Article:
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Friends of the Whyte: Whyte Museum Summer 2023 Interpreter Kiera Bandy

Updated: Feb 2

Friends of the Whyte is a series celebrating community, featuring Whyte Museum members, donors, staff, and friends, to get to know them a little bit better.

During the summer of 2023, the Whyte Museum of the Canadian Rockies had a team of five interpreters sharing the history of Banff, engaging with visitors and sharing what the Whyte Museum has to offer. Kiera Bandy was one of the Interpreters, a student from the University of Victoria here for the summer. In this Q&A, we learn more about Kiera's experience as an Interpreter.

Kiera Bandy, Summer Interpreter at the Whyte Museum in 2023.
Kiera Bandy, Summer Interpreter at the Whyte Museum in 2023.

1. Tell me a little bit about yourself! Where are you from? If a student, what are you studying? Why did you apply for a position at the Whyte Museum?

I'm a University of Victoria student studying philosophy and gender studies. I applied to the interpreter position at the Whyte Museum because I felt as though my curiosity and passion for education meant I'd be able to contribute to the team in a meaningful way.

2. What new skills, techniques, or knowledge did you gain this summer?

I gained knowledge gathering and retention skills, an understanding of office and museum function and dynamics, and a stronger connection to human and natural history. Memorizing tours and taking on a constant reading load has given me experience that will allow me to function at a higher level in future roles and in life. Heading into an office workspace, I was nervous about standards and practices that I felt like I was guessing at - this role has given me a new comfort in more formal settings. Most importantly, I've grown to feel much more connected to humans that have come before me and to my own environment.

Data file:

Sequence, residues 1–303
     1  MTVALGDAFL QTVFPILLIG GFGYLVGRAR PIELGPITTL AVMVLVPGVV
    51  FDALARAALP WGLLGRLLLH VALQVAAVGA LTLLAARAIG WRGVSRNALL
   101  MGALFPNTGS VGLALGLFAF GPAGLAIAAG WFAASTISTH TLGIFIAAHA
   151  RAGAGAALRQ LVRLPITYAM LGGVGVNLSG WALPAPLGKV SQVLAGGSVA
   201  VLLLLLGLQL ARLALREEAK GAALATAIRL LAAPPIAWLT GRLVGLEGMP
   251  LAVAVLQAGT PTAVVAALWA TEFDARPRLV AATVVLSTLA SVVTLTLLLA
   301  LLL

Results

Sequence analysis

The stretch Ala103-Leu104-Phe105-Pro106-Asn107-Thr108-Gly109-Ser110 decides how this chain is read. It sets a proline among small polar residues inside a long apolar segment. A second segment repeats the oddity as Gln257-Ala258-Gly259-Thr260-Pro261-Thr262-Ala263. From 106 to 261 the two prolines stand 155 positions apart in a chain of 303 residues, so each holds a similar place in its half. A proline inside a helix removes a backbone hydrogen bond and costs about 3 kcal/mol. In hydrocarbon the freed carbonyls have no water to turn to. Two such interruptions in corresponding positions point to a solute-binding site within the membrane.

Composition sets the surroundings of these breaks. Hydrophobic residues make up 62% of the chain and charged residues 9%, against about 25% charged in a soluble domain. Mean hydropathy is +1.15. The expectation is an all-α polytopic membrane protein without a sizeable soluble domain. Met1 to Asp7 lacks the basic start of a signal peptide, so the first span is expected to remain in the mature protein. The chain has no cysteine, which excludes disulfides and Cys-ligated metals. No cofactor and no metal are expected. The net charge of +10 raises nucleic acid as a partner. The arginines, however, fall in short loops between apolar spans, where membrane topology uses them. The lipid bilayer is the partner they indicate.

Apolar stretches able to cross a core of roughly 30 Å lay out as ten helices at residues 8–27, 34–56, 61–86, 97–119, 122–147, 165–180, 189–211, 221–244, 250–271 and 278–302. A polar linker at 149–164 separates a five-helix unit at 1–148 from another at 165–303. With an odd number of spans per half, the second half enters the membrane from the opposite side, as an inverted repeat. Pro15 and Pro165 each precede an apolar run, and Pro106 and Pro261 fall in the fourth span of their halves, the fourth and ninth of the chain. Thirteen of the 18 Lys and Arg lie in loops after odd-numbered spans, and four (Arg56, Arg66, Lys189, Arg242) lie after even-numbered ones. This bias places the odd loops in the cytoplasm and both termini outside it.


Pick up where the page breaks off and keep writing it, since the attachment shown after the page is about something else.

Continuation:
3. What was a time that you felt proud during your time as an Interpreter?

One time that I felt proud during my employment was after a Heritage Homes tour. It wasn't anything too special or out of the ordinary, but the pride and sense of warmth has not left me. A family of three had come on the torus with me - parents and an adult child. They were the most engaged visitors that I've had to date. I cannot emphasize that enough. Incredibly curious and intelligent people, respectful too. I felt as though I'd fielded their questions well throughout the tour, and we'd all enjoyed talking about similar points of interest. At the end, I had some office time scheduled and decided to continue chatting with them on the way back. We paused and expressed interest in each other's lives. They spoke about enjoying the tour, appreciating how much information I was able to retain, I thanked them for being so amazing. More from what they said, I could feel a deep sense of connection with this family; it felt like we knew each other. I was very proud of ability to keep such a wonderful and curious family engaged, and felt an incredible amount of warmth extended to me in that moment. I'm so so grateful for that experience.

4. If you could have dinner with one historical Banff figure, who would it be? Why? What would you want to ask/know?

I would have dinner with Mary Vaux. I loved learning about how her family ended up being connected to the mountains (and glaciers specifically). Her level of engagement with not only the outdoors, but with scientific study, the tension between art and science, Quaker values, photography, and public education paint a picture of an incredibly thoughtful and caring person. I would want to hear her thoughts on aesthetic values in nature, the tourism industry, religion and study, and individual contribution to the greater good.

Thanks, Kiera, for your time with the Whyte Museum!


Want to learn more about Canadian Rockies history? Discover our private and public tours available at the Whyte Museum.

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